A school nurse who conducted a visual inspection of a young student’s genital area because the student complained of itching and discomfort was entitled to immunity from a lawsuit challenging the action as an illegal search, a federal appeals court has ruled.
A three-judge panel of the U.S. Court of Appeals for the 6th Circuit, in Cincinnati, unanimously overruled a federal district court decision that had rejected qualified immunity for nurse Karen Sliwowski.
The case involved a 2009 incident at Mt. View Elementary School in Davidson County, Tenn. A 6-year-old student complained of irritation in her genital area, and a school secretary called in Sliwowski and observed the visual exam conducted by the nurse. Sliwowski did not touch the student but did ask her to lower her pants and spread her legs so the nurse could check for irritation, court papers say. The nurse later testified she did not suspect any sexual abuse of the student.
The student’s parents did not consent to the exam, and they sued the school district and the nurse alleging that the exam was an illegal search under the Fourth Amendment. The suit said the student was “confused, humiliated, and frightened” by the exam.
A federal district court in Nashville held that the exam was an unreasonable search, and it denied immunity to Sliwowski based on cases outlawing strip searches of students for contraband. The lower court said prior precedents “made clear that ordinary common sense puts school administrators on notice that a search of a student’s naked body grossly offends the student’s sense of decency, self respect, and bodily privacy.”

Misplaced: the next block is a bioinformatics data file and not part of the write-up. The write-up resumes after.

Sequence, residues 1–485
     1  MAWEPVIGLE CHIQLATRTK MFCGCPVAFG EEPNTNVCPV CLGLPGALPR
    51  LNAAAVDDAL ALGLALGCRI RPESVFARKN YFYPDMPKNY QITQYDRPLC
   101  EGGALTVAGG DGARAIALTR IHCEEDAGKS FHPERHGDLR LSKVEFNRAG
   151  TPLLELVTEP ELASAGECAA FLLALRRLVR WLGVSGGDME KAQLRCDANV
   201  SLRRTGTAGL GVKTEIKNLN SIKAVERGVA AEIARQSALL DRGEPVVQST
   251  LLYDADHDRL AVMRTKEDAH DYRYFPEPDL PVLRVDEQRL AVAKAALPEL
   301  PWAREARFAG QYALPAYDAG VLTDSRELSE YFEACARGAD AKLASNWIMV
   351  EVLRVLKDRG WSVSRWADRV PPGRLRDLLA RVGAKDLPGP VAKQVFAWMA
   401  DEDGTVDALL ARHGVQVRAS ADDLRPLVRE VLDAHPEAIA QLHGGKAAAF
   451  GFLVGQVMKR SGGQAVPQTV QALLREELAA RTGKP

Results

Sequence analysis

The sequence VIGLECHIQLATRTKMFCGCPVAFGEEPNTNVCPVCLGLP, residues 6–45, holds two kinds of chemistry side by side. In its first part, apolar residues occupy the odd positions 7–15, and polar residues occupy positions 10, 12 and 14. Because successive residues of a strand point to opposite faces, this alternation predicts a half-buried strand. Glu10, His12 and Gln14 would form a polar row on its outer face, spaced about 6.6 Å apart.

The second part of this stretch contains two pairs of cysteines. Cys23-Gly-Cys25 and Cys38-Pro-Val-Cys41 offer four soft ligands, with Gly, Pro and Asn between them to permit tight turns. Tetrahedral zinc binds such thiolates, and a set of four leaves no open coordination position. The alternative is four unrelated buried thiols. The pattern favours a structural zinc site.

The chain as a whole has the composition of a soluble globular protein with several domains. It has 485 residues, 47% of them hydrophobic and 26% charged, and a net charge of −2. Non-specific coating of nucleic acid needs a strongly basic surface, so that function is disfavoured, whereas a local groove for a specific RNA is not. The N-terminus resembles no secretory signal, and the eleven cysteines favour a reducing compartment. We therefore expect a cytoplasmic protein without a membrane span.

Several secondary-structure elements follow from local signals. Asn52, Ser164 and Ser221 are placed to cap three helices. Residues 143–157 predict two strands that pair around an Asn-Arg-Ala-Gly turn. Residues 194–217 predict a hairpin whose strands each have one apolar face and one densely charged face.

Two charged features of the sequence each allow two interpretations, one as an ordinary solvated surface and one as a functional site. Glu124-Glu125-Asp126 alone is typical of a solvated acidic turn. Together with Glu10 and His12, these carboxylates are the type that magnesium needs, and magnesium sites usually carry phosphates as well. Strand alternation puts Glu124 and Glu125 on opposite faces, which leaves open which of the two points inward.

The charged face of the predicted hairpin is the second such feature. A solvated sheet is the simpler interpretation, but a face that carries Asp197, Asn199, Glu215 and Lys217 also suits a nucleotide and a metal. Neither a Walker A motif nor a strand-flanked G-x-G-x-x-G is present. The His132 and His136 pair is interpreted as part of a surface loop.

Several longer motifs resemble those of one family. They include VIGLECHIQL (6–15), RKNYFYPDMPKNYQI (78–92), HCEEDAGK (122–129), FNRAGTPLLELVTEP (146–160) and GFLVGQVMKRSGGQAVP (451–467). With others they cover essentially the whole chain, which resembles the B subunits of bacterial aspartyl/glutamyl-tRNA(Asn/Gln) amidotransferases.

But in its March 27 decision in Hearring v. Sliwowski, the 6th Circuit court panel said it was not clearly established that a nurse’s visual inspection of a student’s genital area when done for medical purposes constituted a search.
“A critical factor distinguishes this case from the more typical strip-search cases,” the appeals court said. “Namely, it is clear that Sliwowski’s visual inspection of [the student’s] genital area was not an investigation for contraband, but rather was an attempt to assess [the student’s] medical condition.”
“Existing precedents did not give Sliwowski fair warning that her medical assessments were subject to the Fourth Amendment’s reasonableness requirement, and accordingly the right at issue was not clearly established,” the court said.
Although it granted qualified immunity to the nurse, the appeals court expressed no view about whether there was a constitutional violation in the case, which could still affect the liability of the school district. It sent the case back to the federal district court.
A version of this news article first appeared in The School Law Blog.